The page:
Tommy Barban” (162). . Just as the doctors appropriate and pathologize Nicole’s letters. Nicole has now “become” Tommy and his “talk. and Tommy. Book II returns to this site through a brief and fragmented passage from Nicole’s perspective that seems to shift between interior monologue and memories of dialogue with various characters.” just as she herself predicted. Nicole seems to regain her voice and assert her independence. the site of the Divers’ collapsing faux paradise in France. “Nicole is well when she is able to fall in love and thus to complete the process of ‘transferring’ her ‘blocked’ love for her father to another man” (115). only then to surrender this autonomy to another Satan figure who invades her mind and body. this interior monologue subverts Nicole’s voice. her sister Baby. which seem to drift in and out of their lives as her thoughts drift through time. calling attention to Fitzgerald’s own crafting of this metafictional passage: “Tommy says I am silent. Skipping through time with ellipses over a span of only four pages. first occurs when she falls in love with Dick. Already I have been my son. . Fitzgerald alludes to Dick and Nicole’s early years together. including Dick. Talk is men. however. In the enactment of this “nascent transference to another man.33 reconstructs their narrative by revolving back to the end of Book I. . Her next transference takes place in Book III. their disagreements over Nicole’s inheritance. and when the door closed . When I talk I say to myself that I am probably Dick. of course. the births of their children. Sometimes I am Doctor Dohmler and one time I may even be an aspect of you. she was under the sway of a personality other than her husband’s. In periods of wellness.” Tommy then becomes Nicole’s newest embodiment of Satan (301): “Tommy ordered two cognacs. Fetterley explains. when she consummates her affair with Tommy: “For the first time in ten years. Everything Tommy said to her became part of her forever” (293). This. and Nicole’s bouts of mental illness. remembering how wise and slow he is.
193-95). he sat in the only chair. he over thee shall rule” (X. IX. falling from grace. then Book II poses the question that will pervade Book III: Is Dick Nicole’s Satan or savior? . a fighting Puck. When Nicole laments in her interior monologue. “I’m afraid of falling. an earnest Satan” (294).209. she conflates falling down. This mischievous image certainly recalls Milton’s “Arch-Fiend” disguised as a “lovely” serpent who intoxicates with his words (I. and falling in love through her continual transference.504). dark. recalling Eve’s punishment of subjugation in Paradise Lost: “to thy husband’s will / Thine shall submit.34 behind the waiter. I’m so heavy and clumsy” (150). his eyebrows arched and upcurling. scarred and handsome. If Dick and Nicole straddle this line between submission and devotion in choosing each other.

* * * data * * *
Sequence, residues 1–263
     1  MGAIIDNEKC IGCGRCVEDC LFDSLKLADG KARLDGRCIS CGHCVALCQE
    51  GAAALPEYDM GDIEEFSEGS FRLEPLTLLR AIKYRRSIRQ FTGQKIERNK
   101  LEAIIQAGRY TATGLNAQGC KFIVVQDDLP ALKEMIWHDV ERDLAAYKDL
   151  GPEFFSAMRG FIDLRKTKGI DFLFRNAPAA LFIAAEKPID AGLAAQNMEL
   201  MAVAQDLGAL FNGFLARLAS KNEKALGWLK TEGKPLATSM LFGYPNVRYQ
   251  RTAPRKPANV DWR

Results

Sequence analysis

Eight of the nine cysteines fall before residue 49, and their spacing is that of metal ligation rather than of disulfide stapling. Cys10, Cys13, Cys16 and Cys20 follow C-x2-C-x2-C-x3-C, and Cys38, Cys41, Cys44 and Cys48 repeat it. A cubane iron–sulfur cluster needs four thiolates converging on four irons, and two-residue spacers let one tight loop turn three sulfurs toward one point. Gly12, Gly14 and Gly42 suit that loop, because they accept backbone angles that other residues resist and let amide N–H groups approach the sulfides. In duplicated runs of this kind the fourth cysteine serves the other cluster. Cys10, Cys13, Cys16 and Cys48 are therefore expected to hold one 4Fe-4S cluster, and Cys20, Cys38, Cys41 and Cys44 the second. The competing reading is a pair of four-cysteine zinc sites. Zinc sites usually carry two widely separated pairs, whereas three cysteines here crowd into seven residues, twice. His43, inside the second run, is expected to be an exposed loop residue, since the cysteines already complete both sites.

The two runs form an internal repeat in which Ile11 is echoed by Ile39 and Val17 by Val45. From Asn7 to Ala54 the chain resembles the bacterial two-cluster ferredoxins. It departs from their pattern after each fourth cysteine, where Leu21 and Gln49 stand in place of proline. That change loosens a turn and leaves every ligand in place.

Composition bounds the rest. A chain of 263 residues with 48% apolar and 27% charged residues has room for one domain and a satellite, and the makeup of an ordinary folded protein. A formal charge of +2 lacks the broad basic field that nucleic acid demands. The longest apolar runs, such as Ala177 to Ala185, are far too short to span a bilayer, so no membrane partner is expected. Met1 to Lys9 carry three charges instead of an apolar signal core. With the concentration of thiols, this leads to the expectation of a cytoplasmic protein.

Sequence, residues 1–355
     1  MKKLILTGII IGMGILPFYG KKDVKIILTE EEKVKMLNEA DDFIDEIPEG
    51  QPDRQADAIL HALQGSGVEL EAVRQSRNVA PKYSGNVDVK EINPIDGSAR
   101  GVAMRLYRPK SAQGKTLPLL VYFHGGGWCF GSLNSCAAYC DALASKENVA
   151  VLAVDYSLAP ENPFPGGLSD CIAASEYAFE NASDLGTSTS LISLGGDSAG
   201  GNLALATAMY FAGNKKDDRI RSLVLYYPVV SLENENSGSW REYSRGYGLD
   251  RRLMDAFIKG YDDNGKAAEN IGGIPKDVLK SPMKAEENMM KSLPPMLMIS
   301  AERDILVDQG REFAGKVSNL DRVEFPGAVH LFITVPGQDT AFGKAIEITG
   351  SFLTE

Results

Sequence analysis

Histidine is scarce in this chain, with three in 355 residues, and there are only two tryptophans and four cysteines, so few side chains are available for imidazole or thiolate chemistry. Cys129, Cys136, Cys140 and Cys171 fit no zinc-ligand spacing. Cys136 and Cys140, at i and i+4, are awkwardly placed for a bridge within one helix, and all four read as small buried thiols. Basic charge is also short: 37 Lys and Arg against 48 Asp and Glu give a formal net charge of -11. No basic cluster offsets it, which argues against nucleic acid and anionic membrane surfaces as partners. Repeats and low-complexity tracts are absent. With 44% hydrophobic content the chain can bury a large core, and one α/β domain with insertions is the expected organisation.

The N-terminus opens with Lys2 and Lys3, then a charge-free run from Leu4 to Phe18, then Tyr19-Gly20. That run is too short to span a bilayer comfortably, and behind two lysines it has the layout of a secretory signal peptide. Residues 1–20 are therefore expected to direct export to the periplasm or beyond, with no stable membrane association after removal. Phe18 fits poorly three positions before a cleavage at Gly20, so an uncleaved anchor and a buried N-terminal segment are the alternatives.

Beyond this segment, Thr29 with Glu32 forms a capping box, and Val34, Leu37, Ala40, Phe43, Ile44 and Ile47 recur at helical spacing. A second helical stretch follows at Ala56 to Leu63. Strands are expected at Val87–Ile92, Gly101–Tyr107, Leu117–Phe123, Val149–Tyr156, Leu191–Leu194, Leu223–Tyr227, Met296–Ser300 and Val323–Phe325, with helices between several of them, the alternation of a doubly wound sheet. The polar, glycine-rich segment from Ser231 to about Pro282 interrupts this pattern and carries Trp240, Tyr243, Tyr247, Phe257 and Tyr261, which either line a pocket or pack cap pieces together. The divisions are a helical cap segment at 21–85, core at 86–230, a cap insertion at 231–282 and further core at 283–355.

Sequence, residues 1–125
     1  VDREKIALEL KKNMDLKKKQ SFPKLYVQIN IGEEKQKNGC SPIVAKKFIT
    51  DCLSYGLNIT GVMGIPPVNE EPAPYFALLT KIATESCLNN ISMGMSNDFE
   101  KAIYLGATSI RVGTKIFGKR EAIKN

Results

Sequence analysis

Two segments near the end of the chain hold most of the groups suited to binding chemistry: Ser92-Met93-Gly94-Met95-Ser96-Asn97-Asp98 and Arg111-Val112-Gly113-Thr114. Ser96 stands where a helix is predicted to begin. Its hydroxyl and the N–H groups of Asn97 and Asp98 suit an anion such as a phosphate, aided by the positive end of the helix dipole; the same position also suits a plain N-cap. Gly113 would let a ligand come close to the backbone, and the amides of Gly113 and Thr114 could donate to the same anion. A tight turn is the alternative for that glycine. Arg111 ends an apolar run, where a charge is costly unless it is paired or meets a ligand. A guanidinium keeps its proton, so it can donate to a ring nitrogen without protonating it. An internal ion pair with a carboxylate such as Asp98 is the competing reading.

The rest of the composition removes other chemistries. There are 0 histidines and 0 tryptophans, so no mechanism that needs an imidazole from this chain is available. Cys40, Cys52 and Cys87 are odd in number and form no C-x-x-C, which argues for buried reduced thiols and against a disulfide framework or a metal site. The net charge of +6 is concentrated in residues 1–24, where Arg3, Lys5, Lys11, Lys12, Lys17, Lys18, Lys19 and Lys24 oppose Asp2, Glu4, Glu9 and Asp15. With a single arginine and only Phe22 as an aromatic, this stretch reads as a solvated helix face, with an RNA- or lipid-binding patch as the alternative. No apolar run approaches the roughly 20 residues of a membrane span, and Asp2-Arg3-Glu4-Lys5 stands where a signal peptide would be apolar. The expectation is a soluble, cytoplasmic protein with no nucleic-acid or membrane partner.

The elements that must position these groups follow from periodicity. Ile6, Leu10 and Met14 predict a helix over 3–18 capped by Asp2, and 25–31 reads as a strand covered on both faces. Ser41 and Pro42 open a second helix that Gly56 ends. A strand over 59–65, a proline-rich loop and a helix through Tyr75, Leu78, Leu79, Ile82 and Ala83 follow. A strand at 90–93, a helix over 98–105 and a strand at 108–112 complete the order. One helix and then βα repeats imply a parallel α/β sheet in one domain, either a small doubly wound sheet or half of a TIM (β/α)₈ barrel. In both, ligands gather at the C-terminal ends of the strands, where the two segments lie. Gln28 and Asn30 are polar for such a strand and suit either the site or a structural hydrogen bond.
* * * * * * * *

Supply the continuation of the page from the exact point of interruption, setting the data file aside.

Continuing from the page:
the appearance in Lausanne and subsequent disappearance back to America of Nicole’s dying father. Fitzgerald diverges from both Genesis and Paradise Lost by separating Dick and Nicole indefinitely. Dick and Nicole begin to acknowledge their corruption and loss. did you? . Dick’s resignation from the clinic amidst accusations of alcoholism. These strange events include the death of one of Dick’s patients. Then we’re both ruined” (267. “So I’m ruined. a contentious visit to Mary North’s new home that ends with a dispute over dirty bathwater. “Some of the time I think it’s my fault—I’ve ruined you. as Adam and Eve do at the end of Paradise Lost. This sort of freedom could presumably afford them the opportunity to begin a new life together. Dick and Nicole seem to free themselves from the charade of their happy marriage. In Milton’s final book. the Divers’ return to the Riviera in all their pomp and circumstance. Amidst these peculiar proceedings. they take comfort in the happy days they will spend together and the knowledge of their eternal salvation in the Son’s . Adam and Eve are reunited in the acceptance of their loss and God’s punishment. . an altercation with their cook. When Nicole confesses to Dick. Rosemary’s return. By finally accepting and voicing their fallen state. and Dick’s bailout of Mary North from the French police after she is arrested for pretending to be a French sailor on leave. Nicole’s affair with Tommy. leaving critics and readers wondering what to make of Fitzgerald’s conclusion.35 CHAPTER THREE: RECONSIDERING THE TRADITION In Book III. The book chronicles a bizarre series of brief events juxtaposing Dick’s decline into alcoholism against Nicole’s improving health and results in the anticlimactic dissolution of their marriage matter-of-factly declared by Tommy Barban. 273). an altercation at a boat party. Although they are banished from Paradise as mortals. am I?” and later repeats “You ruined me. .” Dick replies.